By John Brigham
Many underwater photographers’ prayers were answered with the release of the already iconic Nikon Z8 mirrorless camera. It’s a shrunk down Z9 in just about every way, making it the perfect solution for action-oriented photographers who want Nikon’s best in terms of speed, autofocus performance, and dynamic range. Anyone traveling with this system will appreciate the lightweight yet full-featured 200DL Underwater Housing for the Nikon Z8 # 71069.
Watch the video below to follow along as Ikelite VP John Brigham goes through how to set up your housing including the most popular accessories. Or jump to:
Nikon Z8 Settings
Without further ado, let's go ahead and dive right into making this system and fully decking it out. But before we do that, there's four things on the settings I want to mention.
- First, go through and make sure that you have the shutter shield to protect the sensor via Menu > Setup Menu > Sensor shield behavior at power off > ON.
- Second, set your power settings so that you don't have to use the on/off control: Menu > Custom Shooting Menu > Timers/AE Lock > Power Off Delay > Standby Timer.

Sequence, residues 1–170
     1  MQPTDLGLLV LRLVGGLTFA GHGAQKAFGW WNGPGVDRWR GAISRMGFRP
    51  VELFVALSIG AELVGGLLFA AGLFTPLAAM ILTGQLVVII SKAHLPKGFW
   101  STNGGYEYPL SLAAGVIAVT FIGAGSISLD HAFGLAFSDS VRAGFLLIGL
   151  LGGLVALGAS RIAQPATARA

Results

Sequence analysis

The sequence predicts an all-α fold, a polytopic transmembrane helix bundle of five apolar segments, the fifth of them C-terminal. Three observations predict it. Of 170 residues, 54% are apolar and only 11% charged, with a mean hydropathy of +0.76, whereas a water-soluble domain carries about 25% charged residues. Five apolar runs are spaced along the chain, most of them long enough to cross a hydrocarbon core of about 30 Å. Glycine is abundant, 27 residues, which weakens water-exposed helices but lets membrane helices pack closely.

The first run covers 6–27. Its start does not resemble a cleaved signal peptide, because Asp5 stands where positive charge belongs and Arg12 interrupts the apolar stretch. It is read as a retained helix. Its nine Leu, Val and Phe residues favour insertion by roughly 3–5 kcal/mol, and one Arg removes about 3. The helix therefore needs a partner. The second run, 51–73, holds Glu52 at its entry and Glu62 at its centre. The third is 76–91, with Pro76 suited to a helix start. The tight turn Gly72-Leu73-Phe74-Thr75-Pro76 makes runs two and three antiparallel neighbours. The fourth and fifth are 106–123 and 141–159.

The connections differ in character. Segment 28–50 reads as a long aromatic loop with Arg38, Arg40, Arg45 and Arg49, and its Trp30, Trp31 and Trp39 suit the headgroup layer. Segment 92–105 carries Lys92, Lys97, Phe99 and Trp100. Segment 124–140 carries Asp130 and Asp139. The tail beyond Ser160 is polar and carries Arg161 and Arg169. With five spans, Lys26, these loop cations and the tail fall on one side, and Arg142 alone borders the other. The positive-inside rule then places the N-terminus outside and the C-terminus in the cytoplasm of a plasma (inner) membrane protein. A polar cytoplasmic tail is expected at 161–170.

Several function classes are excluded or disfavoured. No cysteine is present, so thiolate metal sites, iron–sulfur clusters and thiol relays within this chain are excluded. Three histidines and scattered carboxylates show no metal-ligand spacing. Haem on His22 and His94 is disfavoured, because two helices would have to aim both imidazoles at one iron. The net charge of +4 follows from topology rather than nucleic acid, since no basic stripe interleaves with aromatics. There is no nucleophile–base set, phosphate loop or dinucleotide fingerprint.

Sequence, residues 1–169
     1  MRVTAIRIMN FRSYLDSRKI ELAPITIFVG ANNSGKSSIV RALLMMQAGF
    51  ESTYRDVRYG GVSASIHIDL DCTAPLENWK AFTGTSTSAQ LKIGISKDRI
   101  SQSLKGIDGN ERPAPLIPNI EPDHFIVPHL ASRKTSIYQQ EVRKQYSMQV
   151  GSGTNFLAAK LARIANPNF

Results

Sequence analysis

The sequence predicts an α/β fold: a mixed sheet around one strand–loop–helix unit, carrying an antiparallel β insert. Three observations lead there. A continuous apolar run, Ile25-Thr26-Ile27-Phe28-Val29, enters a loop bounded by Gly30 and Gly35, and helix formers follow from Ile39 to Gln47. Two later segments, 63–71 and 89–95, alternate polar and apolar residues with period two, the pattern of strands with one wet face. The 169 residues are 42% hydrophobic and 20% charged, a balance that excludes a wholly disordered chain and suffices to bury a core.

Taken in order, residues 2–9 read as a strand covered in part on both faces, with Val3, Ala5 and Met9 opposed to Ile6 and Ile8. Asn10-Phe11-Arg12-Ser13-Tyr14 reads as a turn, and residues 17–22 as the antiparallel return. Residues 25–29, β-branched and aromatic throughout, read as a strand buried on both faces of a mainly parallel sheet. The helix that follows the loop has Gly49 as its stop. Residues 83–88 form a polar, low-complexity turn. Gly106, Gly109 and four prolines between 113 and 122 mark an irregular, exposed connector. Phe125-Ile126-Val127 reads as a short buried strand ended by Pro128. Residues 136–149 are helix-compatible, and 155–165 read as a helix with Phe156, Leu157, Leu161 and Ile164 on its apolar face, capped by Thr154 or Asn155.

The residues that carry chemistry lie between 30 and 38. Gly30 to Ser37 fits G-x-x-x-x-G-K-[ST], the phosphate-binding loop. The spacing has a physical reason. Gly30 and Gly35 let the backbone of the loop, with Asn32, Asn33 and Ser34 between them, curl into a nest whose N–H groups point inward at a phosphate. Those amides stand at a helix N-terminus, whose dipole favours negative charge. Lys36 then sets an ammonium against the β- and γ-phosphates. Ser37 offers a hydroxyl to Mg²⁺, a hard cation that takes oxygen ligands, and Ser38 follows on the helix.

- Third, make sure that you can't take a picture without a card installed, this prevents you from going out and taking a bunch of pictures that you didn't actually take: Menu > Setup Menu > Slot empty release lock > LOCK - Release locked.
- Last but not least, set your camera up so that you can charge through the power charge port via Menu > Setup Menu > USB power delivery > ON.
Installing the Camera
- Remove the back of the housing by unfastening the three lid snaps.
- If not already installed, install the USB-C Charging a & Data Transfer Cord.
- Remove the manual hotshoe and replace with the TTL hotshoe.
- Remove the camera mount from the housing and attach to the bottom of your camera lining up the 1/4-20 screw on the mount with the camera's 1/4-20 threads and tighten using a screw driver so it is secure.